The Port Theatre
Appeared in the Seaway News on February 16th 2012.
Cornwall's Port Theater - Testing The Passage of Time
I worked my very first shift at the Port Theatre at the age of fifteen. My first shift created a lasting memory. After cleaning up, I walked down the isle, with rows of seats slowly falling behind me. I reached the front of the theatre and starred in awe, captivated by the big screen and the "stage" like presence of the drapes surrounding it. As I turned around to head back towards the lobby, I couldn't move for I could see the entire theatre in all its glory, balcony and all. Red seats starring straight back at me, rows upon rows and the dim lights casting small shadows up the drapes on the sides of the walls. The theatre spoke to me that night, I wanted to know more.
Cornwall has been home to many theaters over the years. Some are very familiar, while others have come and gone in what seems like the blink of an eye.
The “big three,” the Palace Theater built in 1919, rebuilt in 1927, the Capitol Theater which opened on January 23, 1928 and closed its doors in 1991 and the Roxy Theatre which changed it’s name in 1966 is the only theatre of "the big three" left standing today.
Originally known as the Roxy Theatre, "The Port,” designed by Toronto architect Benjamin Swartz, opened on December 26, 1941. The day after the Roxy Theatre opened, the Standard Freeholder described it as "one of the finest theaters in the province. Costing approximately $75,000, the new Roxy displays the very finest in theater construction and convenience." Swartz was quoted, "I believe that Cornwall can be justly proud of this handsome new theater as it is the most modern theater for it's size, in the province."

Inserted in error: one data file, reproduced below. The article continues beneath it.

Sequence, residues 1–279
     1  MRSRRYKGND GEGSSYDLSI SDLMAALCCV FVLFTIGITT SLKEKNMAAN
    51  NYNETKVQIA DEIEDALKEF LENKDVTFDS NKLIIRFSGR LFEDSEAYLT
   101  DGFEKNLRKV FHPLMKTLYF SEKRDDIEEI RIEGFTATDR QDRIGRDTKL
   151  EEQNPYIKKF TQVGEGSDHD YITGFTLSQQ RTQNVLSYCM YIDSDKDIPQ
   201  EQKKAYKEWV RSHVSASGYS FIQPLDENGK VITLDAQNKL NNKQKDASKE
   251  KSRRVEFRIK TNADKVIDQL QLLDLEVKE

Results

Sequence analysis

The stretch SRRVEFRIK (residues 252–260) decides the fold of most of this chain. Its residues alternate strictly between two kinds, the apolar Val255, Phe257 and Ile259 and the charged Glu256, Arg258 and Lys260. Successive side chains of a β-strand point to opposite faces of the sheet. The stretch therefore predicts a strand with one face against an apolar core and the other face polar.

Roxy Theatre's were a chain owned by Samuel Fingold of Mount Forest, Ontario. After speaking to his son, David Fingold on the phone one afternoon, I learned that Samuel Fingold was a self made business man who started this chain of theatres from scratch. He had approximately 40 Roxy Theatres built, and deliberately built his theaters in smaller towns and in parts of those towns that during that era, could have used some entertainment. They were always placed in what seemed like perfect places for his businesses to boom. Fingold made his point early in 1941 stating, "I have long entertained the prospect of adding a fourth theater to my chain, and a tour of the province has suggested that east Cornwall to be the most suitable location. That is to say there is a great need existing in this part of the town for a new theater, and I feel that the Cornwall Public will be none than satisfied with the quality of entertainment it will consistently provide."
To my delight, David Fingold was actually very surprised to find out that one of his father's theatre's is still up and running, and while the Roxy/Port theatre has complimented Cornwall's history, it has also complimented David's family history as well.
Some Roxy/Port Facts; after taking a peak in old newspaper articles, I found out the fee's for admission in 1941. In order to get yourself into the Roxy Theatre, you would be spending 25 cents. Children got into shows 10 cents cheaper. On matinee's, ticket prices dropped three pennies for the children, while adults would pay the same admission price as they would a normal show, tax included. Going up to the balcony today doesn't cost you a penny extra. However, back in the day in order for you to sit upstairs, you had to pay an extra 10 cents for what seemed to be for the privilege of smoking during the show. Putting up with smokers didn’t seem to bother young lovers who necked the night away for an extra dime.
The Port is a great place, full of memories and hopefully there is room for many more.